Economist predicts rates could rise, same with loonie.
An economist says Canadian farmers should brace for higher interest rates.
Sal Guatieri of the Bank of Montreal says rates could rise by about 4 percentage points over the next 2 and a half years.
He says the rising rates could pose a problem for debt-leveraged farmers.
Guatieri says they expect the Canadian dollar will climb a few cents above parity with the U-S dollar in the second half of the year, and remain there for at least a year.
Canada has secured an extension that will allow canola producers to export their 2010 canola crops to China.
Last fall, China imposed restrictions on exports of Canadian canola seed because of concerns over blackleg.
Agriculture Canada negotiated similar measures for the 2009 crop year.
Canola is one of Canada's most valuable exports to China.
The annual Canadian Wheat Board producer survey suggests wheat farmers are divided on whether they want to end the board's marketing monopoly.
The wheat survey shows 52 per cent of respondents support either marketing choice or an open market and 48 per cent continue to support the monopoly.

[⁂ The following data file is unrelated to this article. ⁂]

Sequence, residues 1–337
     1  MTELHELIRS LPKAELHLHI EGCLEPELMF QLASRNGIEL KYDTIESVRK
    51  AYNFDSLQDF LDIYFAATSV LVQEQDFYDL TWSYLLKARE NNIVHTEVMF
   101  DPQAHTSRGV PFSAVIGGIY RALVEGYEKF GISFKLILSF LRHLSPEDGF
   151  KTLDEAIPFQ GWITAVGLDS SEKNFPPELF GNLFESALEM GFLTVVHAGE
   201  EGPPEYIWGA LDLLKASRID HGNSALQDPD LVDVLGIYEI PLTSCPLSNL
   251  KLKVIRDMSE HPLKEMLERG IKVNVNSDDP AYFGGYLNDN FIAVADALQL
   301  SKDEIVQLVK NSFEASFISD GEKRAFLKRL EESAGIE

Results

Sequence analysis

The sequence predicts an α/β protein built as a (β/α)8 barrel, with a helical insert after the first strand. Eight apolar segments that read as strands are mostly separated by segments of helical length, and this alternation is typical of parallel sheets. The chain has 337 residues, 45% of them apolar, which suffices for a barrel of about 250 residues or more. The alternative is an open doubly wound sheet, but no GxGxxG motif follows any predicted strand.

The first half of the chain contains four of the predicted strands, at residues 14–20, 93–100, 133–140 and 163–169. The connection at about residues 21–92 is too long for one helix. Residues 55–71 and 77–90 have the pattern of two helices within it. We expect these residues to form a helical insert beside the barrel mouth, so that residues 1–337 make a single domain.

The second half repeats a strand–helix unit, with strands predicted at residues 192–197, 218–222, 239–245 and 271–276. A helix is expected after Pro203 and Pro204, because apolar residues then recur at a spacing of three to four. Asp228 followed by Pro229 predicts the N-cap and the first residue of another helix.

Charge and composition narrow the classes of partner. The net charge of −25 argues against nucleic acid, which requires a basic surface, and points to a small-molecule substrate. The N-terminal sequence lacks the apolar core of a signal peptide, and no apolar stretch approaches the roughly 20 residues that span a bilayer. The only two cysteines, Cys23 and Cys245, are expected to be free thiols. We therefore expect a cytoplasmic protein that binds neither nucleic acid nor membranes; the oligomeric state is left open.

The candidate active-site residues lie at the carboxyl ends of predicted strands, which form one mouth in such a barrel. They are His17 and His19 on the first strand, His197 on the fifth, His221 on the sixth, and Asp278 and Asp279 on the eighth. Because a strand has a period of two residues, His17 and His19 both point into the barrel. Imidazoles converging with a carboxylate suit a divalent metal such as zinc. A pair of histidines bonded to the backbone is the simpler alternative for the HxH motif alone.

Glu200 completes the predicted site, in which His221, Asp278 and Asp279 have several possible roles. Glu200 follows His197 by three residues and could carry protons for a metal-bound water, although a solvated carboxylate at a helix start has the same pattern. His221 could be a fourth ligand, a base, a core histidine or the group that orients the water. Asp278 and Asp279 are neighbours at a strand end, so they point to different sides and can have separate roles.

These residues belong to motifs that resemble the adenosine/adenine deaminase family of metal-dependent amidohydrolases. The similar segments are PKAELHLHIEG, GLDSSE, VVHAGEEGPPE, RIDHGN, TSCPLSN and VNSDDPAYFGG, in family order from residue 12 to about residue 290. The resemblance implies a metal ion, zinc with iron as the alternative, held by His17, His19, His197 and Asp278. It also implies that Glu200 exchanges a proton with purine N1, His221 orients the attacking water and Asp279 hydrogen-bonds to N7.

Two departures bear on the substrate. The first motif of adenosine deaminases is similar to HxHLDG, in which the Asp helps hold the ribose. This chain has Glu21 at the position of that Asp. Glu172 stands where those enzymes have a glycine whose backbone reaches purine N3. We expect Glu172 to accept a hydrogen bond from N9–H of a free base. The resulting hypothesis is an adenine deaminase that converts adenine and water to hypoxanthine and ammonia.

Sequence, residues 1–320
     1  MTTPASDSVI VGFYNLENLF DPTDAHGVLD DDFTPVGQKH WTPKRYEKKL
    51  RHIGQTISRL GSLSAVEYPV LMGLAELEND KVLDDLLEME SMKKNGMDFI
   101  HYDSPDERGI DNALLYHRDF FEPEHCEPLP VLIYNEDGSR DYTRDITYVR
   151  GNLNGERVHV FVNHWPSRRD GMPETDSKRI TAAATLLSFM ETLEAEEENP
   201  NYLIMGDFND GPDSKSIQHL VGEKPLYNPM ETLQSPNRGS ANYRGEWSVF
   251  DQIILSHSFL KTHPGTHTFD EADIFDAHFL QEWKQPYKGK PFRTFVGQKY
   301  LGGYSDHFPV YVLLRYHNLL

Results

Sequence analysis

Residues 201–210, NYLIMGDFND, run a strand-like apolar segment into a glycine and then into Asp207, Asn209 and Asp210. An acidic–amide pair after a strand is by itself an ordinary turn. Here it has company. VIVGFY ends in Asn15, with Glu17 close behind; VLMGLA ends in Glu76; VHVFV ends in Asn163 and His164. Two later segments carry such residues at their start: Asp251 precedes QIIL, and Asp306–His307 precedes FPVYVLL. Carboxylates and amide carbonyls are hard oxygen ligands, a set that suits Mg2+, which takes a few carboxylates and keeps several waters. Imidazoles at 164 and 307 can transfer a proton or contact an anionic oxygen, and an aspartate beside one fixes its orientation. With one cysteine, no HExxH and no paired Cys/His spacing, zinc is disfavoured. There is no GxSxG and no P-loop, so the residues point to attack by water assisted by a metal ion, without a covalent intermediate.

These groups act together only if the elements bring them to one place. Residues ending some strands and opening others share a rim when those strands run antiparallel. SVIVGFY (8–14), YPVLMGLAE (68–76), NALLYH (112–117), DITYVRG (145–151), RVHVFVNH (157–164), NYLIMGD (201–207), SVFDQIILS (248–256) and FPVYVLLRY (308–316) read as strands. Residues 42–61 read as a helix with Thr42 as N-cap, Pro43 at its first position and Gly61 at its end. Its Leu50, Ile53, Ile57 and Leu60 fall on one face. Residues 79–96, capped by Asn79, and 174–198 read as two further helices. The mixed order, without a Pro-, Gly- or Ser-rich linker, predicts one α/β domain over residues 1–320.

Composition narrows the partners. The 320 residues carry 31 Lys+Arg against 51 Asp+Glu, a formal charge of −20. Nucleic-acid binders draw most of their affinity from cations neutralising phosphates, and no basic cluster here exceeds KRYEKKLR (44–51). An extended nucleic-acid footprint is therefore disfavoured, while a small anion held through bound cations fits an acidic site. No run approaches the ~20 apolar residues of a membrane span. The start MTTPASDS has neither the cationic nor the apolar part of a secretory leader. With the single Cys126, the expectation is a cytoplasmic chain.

On barley, 58 per cent of respondents support marketing choice or an open market and 34 per cent support a monopoly.
Farm groups say Prairie producers are paying more than their fair share for shipping their crops by rail.
They cite a new study that suggests the overpayments amount to 200 million dollars per year.
Premiers in Western Canada want the federal government to help producers who can't seed their fields because of wet conditions.
Heavy rains earlier this month have kept about 30 per cent of cropland unseeded in Saskatchewan.
In Manitoba the number is closer to 15 per cent and parts of Alberta are too wet as well.
Wet weather across the Prairies could have a big impact on how much canola is planted this year.
One market analyst says less than half the crop has been seeded.
Farmers intended to plant about 17 million acres of canola this spring but now it looks like that total could be as low as 12 million.
And the fungal disease 'late blight' has been discovered on tomato seedlings in Manitoba.
This fungus is a serious disease for vegetables in the nightshade family that includes tomatoes and potatoes.
The retail outlets involved have stopped selling the tomato plants -- and there is concern in the potato industry.